That’s when the transformation started to happen.
It wasn’t that the coach had dug particularly deeply into Sheila’s soul to cleanse the pain.
It had been there all along, but had never been dealt with.
On the surface, it appeared she had it all — a supportive husband of 23 years, Andy (who was present at the council meeting on Monday), two grown up children, a job she was good at. She had gone to nursing school at the Northeast Iowa Community College, and recently added an online life coaching degree from Southwest Institute of Healing Arts.
Internally, it was a different story.
In dating Andy, in her 20s, in New Hampton, she had confided in him about some of the traumatic experiences she had lived through as a teen in Illinois.
Her abuser had controlled her through the chains of fear.
When another young girl reported the perpetrator, and the police, though her mother, asked Sheila if something similar had happened to her, she held her tongue.
“I was afraid he would murder my family, I was protecting them,” she said. “I felt unloved, unwanted, unworthy of being loved. I felt ugly and ashamed.”
Sheila said the centerpiece of her journey to health is her faith.
“I found my new identity through Christ’s eyes and how he sees me,” she said. “He sees me as ‘chosen’ as ‘mine,’ as his daughter. He has adopted me.”
In June of 2017, she started to come to terms with who she was.
“I started feeling comfortable with who I am and started loving who I am,” she said. “I stopped wearing the mask, pretending to be what everybody else wanted me to be.”
Looking back on her life, Sheila recognizes that the only way she could cope with the childhood trauma was to look at herself in retrospect as her own parent.
“I realized it wasn’t my fault, I was only 4,” she said.
In the fall of 2015, she mustered up the courage to tell her mother, who was dying of cancer.
“I told her and if I had told her earlier, she would have stopped it, there was nothing my mom would not have done for me or my siblings,” she said.
Sheila reassured her mom she didn’t have to take action on her behalf because she had already forgiven her abuser.
“I didn’t want to leave any words unsaid,” she said.
A tattoo on her right chest of a heart-shaped mother-daughter symbol of two beings with angel wings on the back of each colored in teal, her mom’s favorite color, tells of the love between Sheila and her mom.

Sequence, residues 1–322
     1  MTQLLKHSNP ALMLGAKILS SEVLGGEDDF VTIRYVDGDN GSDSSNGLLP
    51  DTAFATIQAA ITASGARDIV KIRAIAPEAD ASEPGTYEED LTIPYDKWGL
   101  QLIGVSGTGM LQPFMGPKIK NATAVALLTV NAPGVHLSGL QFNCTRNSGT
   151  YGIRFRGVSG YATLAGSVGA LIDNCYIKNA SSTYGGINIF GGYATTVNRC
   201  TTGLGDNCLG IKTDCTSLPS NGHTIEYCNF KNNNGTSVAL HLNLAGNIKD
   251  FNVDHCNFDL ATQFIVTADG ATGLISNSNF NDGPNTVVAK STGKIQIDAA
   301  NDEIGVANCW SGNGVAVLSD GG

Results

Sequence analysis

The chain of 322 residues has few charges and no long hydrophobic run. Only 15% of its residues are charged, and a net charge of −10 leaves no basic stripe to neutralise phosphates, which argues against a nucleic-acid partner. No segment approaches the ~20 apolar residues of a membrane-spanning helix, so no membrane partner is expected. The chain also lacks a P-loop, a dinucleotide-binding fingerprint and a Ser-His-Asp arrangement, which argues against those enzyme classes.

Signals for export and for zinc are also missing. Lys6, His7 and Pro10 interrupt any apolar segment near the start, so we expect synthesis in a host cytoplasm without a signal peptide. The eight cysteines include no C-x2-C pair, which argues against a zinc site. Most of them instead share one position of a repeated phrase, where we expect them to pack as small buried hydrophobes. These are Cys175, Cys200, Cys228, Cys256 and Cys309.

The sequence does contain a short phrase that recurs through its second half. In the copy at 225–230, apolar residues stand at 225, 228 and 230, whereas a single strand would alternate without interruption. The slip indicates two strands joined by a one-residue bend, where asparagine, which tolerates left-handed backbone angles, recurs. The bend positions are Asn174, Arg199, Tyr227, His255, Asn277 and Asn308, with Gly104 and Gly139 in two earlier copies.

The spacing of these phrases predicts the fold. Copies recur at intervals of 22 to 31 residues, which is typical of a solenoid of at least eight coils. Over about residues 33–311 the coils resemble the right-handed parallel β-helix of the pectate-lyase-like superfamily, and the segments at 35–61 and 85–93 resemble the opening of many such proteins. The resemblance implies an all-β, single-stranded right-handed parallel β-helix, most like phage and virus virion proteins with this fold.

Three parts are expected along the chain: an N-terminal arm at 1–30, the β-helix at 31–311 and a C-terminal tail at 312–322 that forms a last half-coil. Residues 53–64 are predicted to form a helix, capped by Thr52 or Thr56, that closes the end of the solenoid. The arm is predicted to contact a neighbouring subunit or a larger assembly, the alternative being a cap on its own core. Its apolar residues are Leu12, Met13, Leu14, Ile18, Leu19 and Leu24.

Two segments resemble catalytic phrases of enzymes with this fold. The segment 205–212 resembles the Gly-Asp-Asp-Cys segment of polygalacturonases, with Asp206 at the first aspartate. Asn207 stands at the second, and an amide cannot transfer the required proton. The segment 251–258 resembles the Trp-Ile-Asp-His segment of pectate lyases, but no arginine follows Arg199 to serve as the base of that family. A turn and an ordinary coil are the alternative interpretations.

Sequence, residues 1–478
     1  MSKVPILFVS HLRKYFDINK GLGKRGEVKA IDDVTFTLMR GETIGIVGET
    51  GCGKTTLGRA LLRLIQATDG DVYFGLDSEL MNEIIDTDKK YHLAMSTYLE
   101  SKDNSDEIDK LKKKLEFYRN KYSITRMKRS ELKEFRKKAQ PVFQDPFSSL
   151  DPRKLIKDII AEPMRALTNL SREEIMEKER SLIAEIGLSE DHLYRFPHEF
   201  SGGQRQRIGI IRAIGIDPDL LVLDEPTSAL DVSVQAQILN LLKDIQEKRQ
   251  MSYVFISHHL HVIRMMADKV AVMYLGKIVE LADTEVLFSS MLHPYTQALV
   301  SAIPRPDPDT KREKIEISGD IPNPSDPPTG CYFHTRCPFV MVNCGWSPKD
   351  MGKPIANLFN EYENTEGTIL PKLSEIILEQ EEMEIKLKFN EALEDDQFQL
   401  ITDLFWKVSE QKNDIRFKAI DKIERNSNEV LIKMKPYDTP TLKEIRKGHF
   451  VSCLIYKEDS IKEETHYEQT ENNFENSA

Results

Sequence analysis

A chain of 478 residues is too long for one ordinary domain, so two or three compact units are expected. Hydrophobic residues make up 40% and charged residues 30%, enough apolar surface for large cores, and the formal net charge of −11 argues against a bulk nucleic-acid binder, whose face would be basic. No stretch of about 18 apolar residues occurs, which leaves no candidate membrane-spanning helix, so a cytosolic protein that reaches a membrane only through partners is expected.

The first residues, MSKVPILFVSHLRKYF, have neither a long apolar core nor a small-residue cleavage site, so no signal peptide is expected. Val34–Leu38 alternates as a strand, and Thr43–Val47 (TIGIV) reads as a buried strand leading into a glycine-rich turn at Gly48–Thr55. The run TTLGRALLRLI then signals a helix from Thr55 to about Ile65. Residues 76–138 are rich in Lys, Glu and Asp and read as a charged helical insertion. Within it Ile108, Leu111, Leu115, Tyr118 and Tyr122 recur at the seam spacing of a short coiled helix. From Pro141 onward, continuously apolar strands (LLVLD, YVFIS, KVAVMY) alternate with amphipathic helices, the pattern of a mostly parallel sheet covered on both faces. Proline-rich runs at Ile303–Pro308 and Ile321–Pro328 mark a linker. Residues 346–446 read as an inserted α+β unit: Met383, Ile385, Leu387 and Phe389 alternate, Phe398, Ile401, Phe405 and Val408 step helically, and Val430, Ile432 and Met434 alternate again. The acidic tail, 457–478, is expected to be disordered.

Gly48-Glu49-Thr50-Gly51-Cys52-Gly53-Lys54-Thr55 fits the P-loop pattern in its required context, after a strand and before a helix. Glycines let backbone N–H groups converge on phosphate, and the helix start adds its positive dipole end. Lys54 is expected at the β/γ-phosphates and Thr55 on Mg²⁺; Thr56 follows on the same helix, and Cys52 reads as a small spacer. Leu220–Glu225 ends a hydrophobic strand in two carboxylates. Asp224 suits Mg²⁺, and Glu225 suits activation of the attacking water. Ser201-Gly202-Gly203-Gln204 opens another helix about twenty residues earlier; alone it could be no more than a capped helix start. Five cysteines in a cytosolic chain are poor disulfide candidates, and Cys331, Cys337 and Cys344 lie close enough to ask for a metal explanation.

Atop the tattoos are the words, “I love you to the Moon and back,” tattooed in her mother’s handwriting. Sheila wears it with pride.
Since her mother’s death in March of 2016, Sheila adopted the mother-daughter symbol as the logo for her business Renewal Christian Coaching LLC, which she founded last year.
Last April, she held a group event at the Community Center in Waverly, called Kintsugi, in which participants were encouraged to love themselves as they are and to pick up the pieces from a piece of pottery they shatter and glue back together in a contrasting color in an act of healing, a nod to an ancient Japanese practice.
“My goal was to reach just one person and I had seven show up,” she said, adding she plans to continue building on this first event.
It is through faith, she emphasizes, that she has survived and realized her purpose.
“I don’t regret what happened to me because what happened to me made me who I am today,” she said.
“I sat down with God and prayed and He showed me why I always felt unworthy.”
She said she didn’t expect to be called to the mic during Monday’s council meeting, but once the mayor gave the opportunity to speak, she stepped up, seeing this as a sign that she has accepted God’s commandment to speak for the silent.
“I want to help the victims of sexual abuse in any way I can,” she said. “I know what it’s like to feel trapped. I have had a muzzle over my mouth for 30-plus some years, the secrets I have held... Now it’s all in the open. I want to help. I am done sitting back.”